An introduction to the physics of the solid earth. Topics included are: seismology and structure of the earth's interior; geodynamics; gravity and the figure of the earth; isostasy; geomagnetism and paleomagnetism and its implications for plate tectonics; geothermics and the thermal history of the earth. Instruction by lecture; student evaluation on the basis of weekly problem sets and a final problem set. Cost:2 WL:3 (Ruff)
430. Depositional Environments. Permission of instructor. (3). (Excl). (BS).
This is an upper division course dealing with advanced concepts in the deposition of sedimentary rocks. It is intended for seniors and entering graduate students in the geological sciences with some background training in depositional processes, such as a previous course in sedimentary geology or stratigraphy. Course material includes examination of important processes and products of sediment accumulation in the major terrigenous clastic, carbonate, and evaporite depositional systems, including both continental and oceanic settings, where appropriate. Graded evaluation based on results of two (midterm and final) examinations and one term paper, and participation in one two-day field trip. Cost:2 WL:4 (Lohmann)
442. Earth Surface Processes and Soils. Junior/senior standing; an introductory course in physical geology is recommended but not required. (4). (Excl). (BS).
Study of processes resulting in landforms on the Earth's solid surface and the formation of soils on these landforms. Emphasis includes present-day processes as well as the evolution of landforms over geologic time. GS 442 is intended for a wide, but professional audience: geologists, archaeologists, ecologists, resource managers, civil engineers, at a level appropriate for seniors and first-year graduate students. A previous course in geology is not required, but would be helpful. Lectures, map exercises, and several required field trips to examine landforms and processes in southern Michigan. Grading: a midterm and a final exam, exercises, and a term paper. Cost:2 WL:4 (Farrand)
465/AOSS 467/Chem. 467. Biogeochemical Cycles. Math. 116, Chem. 210, and Phys. 240. (3). (Excl). (BS).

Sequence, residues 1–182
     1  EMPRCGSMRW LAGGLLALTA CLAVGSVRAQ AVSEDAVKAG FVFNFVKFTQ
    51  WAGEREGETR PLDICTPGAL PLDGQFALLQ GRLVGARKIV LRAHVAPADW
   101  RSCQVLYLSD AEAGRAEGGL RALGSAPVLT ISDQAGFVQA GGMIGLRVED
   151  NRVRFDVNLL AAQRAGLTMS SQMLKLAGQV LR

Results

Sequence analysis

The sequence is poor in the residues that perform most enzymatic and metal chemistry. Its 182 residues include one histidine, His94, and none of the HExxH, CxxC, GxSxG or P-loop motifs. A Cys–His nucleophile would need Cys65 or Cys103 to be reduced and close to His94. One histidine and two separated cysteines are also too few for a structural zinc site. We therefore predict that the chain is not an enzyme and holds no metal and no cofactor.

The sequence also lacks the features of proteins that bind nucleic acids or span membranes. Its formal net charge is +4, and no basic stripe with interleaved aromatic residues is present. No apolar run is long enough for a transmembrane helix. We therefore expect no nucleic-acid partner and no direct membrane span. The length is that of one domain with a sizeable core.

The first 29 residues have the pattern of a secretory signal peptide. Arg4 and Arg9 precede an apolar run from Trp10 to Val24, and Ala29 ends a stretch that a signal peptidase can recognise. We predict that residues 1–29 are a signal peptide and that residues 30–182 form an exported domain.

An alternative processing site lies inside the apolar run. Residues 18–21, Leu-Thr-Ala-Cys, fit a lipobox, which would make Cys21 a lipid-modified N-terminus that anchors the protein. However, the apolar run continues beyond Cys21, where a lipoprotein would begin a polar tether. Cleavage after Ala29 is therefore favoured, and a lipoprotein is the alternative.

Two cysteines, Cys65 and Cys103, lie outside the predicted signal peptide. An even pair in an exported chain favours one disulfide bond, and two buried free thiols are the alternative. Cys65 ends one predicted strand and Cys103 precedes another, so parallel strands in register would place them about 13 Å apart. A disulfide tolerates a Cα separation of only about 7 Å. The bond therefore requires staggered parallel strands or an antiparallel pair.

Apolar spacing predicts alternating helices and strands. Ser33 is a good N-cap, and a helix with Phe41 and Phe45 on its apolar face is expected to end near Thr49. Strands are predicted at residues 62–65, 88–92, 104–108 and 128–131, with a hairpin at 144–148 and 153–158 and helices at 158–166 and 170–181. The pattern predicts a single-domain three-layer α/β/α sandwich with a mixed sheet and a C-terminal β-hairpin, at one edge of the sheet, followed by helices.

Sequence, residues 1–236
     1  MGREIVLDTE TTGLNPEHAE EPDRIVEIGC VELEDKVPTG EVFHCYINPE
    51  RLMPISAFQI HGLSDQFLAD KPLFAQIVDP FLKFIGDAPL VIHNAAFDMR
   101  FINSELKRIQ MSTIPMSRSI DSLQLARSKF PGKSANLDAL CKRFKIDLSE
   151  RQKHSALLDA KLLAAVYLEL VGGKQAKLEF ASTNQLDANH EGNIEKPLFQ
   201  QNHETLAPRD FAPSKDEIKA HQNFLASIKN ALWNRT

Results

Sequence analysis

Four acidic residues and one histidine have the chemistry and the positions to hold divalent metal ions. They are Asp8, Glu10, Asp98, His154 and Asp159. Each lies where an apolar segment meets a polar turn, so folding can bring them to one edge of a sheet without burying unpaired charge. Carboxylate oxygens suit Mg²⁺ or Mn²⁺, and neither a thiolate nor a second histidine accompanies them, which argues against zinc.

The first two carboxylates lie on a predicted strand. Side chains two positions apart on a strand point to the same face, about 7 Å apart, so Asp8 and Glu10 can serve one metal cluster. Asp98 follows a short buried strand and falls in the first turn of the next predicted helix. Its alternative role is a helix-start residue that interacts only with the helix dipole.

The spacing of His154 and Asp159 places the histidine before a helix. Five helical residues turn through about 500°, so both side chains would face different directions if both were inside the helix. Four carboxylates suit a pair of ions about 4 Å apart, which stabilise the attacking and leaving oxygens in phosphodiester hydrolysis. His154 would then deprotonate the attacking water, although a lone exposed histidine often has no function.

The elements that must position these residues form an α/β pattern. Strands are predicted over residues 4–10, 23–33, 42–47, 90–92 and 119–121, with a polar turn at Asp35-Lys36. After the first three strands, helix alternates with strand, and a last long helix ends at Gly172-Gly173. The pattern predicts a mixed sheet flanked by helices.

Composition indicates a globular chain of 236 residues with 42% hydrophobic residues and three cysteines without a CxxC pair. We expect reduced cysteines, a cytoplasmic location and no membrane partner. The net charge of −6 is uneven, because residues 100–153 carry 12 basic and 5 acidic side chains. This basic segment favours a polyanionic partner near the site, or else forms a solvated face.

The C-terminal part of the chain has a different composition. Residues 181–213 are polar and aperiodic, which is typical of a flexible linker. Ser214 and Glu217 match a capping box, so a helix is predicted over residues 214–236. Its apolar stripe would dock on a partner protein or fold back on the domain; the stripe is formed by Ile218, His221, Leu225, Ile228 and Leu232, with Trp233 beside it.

See Chemistry 467. (Carroll)
477. Hydrogeology. Phys. 140/141, Chem. 125/130, and Math 116; Math 215 and 216 are recommended. (4). (Excl). (BS).
This course provides an introduction to physical and chemical hydrogeology. Emphasis is on process and direct application to geological settings. The hydrologic cycle, physical rock framework, and properties of aquifer systems will be described and quantified. We will develop and apply transport equations and examples of fluid, energy and chemical transport in porous and fractured geologic media. In addition to stated prerequisites, Math 216 is also strongly recommended. Evaluation is based on weekly practicum/ problem sets. Cost:2 WL:2 (Pollack and Walter)
484. Geophysics: Physical Fields of the Earth. Prior or concurrent election of Math. 216 and Phys. 240, or permission of instructor. (4). (Excl). (BS).
Newtonian attraction; the potential function, spherical harmonics; attraction of special distributions, gravity exploration techniques; isostasy, the figure of the earth; earth tides, the magnetic field of the earth, spatial and temporal variations, theories of origin; rock magnetism, paleomagnetism, contributions to earth dynamics and global tectonics; magnetic field of special distributions, magnetic exploration techniques; temperatures and heat transport in the earth, geothermal measurements, implications for tectonic processes. Lectures and laboratory. Cost:1 WL:3 (Van der Voo)